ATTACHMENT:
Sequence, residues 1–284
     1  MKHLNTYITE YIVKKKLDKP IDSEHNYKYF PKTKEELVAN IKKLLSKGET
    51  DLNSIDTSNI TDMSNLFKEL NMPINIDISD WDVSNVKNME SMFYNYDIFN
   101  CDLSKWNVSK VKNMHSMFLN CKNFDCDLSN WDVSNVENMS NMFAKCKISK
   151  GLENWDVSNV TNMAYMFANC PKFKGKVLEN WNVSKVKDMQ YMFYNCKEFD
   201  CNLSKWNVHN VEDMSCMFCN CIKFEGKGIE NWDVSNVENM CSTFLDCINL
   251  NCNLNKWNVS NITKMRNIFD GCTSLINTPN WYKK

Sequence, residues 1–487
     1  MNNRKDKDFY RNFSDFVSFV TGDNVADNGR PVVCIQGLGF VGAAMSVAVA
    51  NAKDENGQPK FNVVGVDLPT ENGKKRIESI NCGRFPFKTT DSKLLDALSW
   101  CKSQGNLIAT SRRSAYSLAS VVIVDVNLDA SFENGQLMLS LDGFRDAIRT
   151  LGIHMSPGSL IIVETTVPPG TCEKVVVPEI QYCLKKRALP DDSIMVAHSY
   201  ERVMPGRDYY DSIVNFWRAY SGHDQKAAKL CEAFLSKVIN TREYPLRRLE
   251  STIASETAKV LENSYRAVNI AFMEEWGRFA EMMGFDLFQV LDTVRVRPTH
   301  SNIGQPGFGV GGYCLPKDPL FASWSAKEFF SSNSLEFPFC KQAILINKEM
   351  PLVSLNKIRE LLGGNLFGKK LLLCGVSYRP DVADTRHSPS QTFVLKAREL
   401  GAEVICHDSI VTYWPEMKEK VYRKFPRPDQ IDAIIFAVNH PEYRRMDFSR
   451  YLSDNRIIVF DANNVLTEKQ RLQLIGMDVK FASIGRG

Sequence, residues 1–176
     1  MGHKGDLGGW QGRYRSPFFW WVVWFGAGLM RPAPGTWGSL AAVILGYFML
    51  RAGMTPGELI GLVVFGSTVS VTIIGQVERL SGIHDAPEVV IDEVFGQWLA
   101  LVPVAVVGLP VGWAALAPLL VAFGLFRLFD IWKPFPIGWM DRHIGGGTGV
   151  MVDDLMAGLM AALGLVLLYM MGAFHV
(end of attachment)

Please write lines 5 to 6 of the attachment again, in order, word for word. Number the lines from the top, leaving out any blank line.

   151  GLENWDVSNV TNMAYMFANC PKFKGKVLEN WNVSKVKDMQ YMFYNCKEFD
   201  CNLSKWNVHN VEDMSCMFCN CIKFEGKGIE NWDVSNVENM CSTFLDCINL